Welcome to NACES!

Welcome to NACES! This 600,000 km2 Marine Protected Area in the Northeast Atlantic was discovered through a huge collaborative effort led by BirdLife International and is a major hotspot for over 5 million seabirds and several threatened species. Take a deep breath and dive straight into it – you will discover the marine species that depend on it and why it’s crucial to protect all of NACES, including the seafloor!

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Arctic Tern
Fish shoal

Additional conservation features can strengthen the protection of this area

The seafloor ecosystems of NACES are key to safeguard the trophic chains which support the biodiversity above, including seabirds.

Much scientific research explicitly links upper-ocean properties and dynamics to the ecology and biogeochemistry of the seafloor, which is why marine protected areas must be fully protected, from sea surface to seafloor.

In a world where nature at sea is constantly threatened by human activities, the overexploitation of natural resources, and climate change, a holistic approach that accounts for entire ecosystems and their connections is essential.

Unfortunately, OSPAR did not include the seafloor of NACES in the final designation of the site. This is why the BirdLife Partnership calls on the OSPAR Commission to vote for the protection of additional conservation features, including the seafloor in June 2023. Keep scrolling and sign our petition to support us.

Shoal of fish

Why is it important to include the seafloor?

Seafloor ecosystems are key to safeguard the food chain that all species depend on. The fluidity of water means that marine ecosystems – from water column to seafloor – are intrinsically connected. Any alterations (e.g. from human activities) in one of these two elements is bound to affect and disturb the other.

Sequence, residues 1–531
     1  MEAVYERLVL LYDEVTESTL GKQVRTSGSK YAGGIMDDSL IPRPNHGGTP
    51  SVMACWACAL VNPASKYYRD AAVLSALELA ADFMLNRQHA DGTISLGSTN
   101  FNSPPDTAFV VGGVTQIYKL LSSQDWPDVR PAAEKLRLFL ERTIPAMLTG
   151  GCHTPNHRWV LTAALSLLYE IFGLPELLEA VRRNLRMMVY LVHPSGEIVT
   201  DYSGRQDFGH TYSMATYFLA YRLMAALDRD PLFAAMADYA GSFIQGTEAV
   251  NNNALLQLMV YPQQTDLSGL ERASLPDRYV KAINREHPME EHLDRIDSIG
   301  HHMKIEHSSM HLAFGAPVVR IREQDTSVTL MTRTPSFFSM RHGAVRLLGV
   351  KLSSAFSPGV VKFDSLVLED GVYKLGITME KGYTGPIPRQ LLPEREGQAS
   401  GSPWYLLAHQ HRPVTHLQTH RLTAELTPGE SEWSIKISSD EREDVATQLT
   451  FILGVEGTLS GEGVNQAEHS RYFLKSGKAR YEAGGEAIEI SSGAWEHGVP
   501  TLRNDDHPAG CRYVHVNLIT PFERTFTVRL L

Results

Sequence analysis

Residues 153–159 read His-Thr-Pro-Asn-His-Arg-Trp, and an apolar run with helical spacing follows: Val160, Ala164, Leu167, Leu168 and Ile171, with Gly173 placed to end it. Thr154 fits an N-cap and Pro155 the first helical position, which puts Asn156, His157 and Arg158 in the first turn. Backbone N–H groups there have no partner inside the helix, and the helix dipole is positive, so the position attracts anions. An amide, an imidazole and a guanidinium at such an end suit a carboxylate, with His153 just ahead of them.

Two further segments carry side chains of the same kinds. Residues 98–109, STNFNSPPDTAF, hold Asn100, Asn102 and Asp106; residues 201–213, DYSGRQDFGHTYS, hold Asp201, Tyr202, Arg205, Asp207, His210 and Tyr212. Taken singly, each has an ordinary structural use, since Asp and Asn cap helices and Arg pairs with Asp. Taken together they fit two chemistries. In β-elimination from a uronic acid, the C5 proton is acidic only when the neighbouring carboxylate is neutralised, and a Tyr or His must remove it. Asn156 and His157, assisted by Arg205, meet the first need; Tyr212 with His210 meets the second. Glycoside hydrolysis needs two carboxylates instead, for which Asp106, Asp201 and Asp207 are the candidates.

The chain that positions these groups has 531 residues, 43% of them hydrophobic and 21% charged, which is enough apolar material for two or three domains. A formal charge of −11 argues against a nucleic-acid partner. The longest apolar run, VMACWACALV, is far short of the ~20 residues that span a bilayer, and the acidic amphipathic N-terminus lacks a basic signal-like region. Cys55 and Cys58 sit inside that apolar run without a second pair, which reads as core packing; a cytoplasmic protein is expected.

Among the visitors of the area, we can find iconic species such as the Atlantic Puffin, the Arctic Tern, and the Little Auk. But this area is not only important for seabirds. Under the surface, the NACES Marine Protected Area is home to abundant and diverse marine biodiversity. The site is important for several threatened species such as Blue Whales, Leatherback Turtles, Loggerhead Turtles, Atlantic Bluefin Tunas, Basking Sharks, Corals, and Deep-Sea Sponges. Without a protected seafloor, this haven for nature will stay at risk.

What is the scientific evidence supporting protection of the seafloor?

  • Seafloor Biodiversity

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  • Ecosystems

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  • Carbon Storage

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